galley


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  • noun

Synonyms for galley

Synonyms for galley

a large medieval vessel with a single deck propelled by sails and oars with guns at stern and prow

Related Words

(classical antiquity) a crescent-shaped seagoing vessel propelled by oars

the kitchen area for food preparation on an airliner

Related Words

the area for food preparation on a ship

References in classic literature ?
We had all shaken hands cordially, and neither Herbert's eyes nor mine were quite dry, when I saw a four-oared galley shoot out from under the bank but a little way ahead of us, and row out into the same track.
Meantime the galley, which was very skilfully handled, had crossed us, let us come up with her, and fallen alongside.
I felt as if her shadow were absolutely upon us, when the galley hailed us.
The love is not the sort your worship is thinking of," said the galley slave; "mine was that I loved a washerwoman's basket of clean linen so well, and held it so close in my embrace, that if the arm of the law had not forced it from me, I should never have let it go of my own will to this moment; I was caught in the act, there was no occasion for torture, the case was settled, they treated me to a hundred lashes on the back, and three years of gurapas besides, and that was the end of it.
Gurapas are galleys," answered the galley slave, who was a young man of about four-and-twenty, and said he was a native of Piedrahita.
Yes, sir," answered the galley slave, "for there is nothing worse than singing under suffering.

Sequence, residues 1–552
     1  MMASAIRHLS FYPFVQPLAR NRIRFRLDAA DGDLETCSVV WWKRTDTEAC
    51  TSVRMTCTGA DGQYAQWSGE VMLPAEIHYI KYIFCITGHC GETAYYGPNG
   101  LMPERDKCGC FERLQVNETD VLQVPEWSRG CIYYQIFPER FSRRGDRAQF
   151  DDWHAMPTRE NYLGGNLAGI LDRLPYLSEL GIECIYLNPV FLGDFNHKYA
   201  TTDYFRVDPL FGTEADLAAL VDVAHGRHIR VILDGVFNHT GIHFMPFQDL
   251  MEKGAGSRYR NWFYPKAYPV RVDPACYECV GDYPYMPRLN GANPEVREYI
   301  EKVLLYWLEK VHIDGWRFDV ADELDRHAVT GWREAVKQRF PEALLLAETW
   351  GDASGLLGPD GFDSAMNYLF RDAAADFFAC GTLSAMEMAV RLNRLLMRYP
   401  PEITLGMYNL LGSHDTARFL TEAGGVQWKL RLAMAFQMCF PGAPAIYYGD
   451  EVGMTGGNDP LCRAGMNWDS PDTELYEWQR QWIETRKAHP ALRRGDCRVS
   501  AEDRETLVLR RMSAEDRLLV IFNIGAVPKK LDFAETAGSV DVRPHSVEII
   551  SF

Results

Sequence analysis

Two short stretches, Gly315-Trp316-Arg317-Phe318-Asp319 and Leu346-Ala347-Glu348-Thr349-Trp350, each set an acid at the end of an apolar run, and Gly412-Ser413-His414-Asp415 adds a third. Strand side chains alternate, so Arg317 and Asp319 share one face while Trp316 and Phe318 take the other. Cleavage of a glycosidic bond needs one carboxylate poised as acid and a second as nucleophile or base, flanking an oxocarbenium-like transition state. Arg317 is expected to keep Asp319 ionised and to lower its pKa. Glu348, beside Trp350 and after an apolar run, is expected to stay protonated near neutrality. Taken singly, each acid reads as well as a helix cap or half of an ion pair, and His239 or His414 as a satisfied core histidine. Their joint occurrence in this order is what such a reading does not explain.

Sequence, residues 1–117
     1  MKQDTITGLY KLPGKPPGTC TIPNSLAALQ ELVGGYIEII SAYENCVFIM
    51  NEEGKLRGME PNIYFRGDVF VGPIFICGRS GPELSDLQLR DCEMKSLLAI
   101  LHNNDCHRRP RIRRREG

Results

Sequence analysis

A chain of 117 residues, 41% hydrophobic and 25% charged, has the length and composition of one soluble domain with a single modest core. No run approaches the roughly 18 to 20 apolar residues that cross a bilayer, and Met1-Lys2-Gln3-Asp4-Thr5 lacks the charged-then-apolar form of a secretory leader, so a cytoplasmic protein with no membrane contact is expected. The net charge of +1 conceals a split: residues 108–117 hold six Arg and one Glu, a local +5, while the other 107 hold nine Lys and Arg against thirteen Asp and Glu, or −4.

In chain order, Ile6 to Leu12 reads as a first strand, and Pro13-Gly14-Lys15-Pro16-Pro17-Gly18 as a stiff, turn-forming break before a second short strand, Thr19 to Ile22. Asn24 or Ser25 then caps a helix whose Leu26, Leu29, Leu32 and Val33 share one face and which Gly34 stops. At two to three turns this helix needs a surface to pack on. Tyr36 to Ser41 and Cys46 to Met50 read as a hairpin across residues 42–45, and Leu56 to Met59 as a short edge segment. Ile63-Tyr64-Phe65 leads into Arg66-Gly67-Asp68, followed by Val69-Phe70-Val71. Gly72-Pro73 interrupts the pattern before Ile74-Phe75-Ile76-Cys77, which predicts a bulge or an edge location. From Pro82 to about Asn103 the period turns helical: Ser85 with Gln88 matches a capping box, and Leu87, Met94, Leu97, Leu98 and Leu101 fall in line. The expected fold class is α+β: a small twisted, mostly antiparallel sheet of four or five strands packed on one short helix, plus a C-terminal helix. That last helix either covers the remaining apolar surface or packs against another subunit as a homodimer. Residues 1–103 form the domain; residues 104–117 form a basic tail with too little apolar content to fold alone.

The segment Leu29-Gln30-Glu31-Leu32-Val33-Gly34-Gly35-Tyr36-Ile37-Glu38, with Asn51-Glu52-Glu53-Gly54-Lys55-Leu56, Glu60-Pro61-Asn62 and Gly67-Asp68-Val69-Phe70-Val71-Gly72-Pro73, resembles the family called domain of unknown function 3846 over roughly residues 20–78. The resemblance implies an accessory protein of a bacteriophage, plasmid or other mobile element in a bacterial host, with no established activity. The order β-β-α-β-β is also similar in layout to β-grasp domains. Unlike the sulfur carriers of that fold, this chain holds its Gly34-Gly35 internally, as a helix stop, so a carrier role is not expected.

As soon as they could furbish up their helmets and shields, therefore, and gird on their trusty swords, they came thronging to Iolchos, and clambered on board the new galley.
Orpheus thrummed away briskly, and the galley slid at once into the sea, dipping her prow so deeply that the figure-head drank the wave with its marvelous lips, and rising again as buoyant as a swan.
He did notice, however, that Kwaque was never permitted to enter the galley.
Clutching the woodwork of the galley for support,--and I confess the grease with which it was scummed put my teeth on edge,--I reached across a hot cooking-range to the offending utensil, unhooked it, and wedged it securely into the coal-box.
He dived out of the galley door, or glided rather, with a swiftness and smoothness of gait that struck me as being not so much cat-like as oily.
A number of fishing-smacks and coasting boats, some retaining the fantastic fashion of ancient galleys, were discernible on the Red Sea.
He now wished to be amongst them, in order to see some other face besides that of his jailer; he sighed for the galleys, with the infamous costume, the chain, and the brand on the shoulder.
Of the different sorts of the first are husbandmen, artificers, exchange-men, who are employed in buying and selling, seamen, of which some are engaged in war, some in traffic, some in carrying goods and passengers from place to place, others in fishing, and of each of these there are often many, as fishermen at Tarentum and Byzantium, masters of galleys at Athens, merchants at AEgina and Chios, those who let ships on freight at Tenedos; we may add to these those who live by their manual labour and have but little property; so that they cannot live without some employ: and also those who are not free-born on both sides, and whatever other sort of common people there may be.
We have seen French and Spanish galleys no further away than Southampton, but I doubt that it will be some time before the Scots find their way to these parts.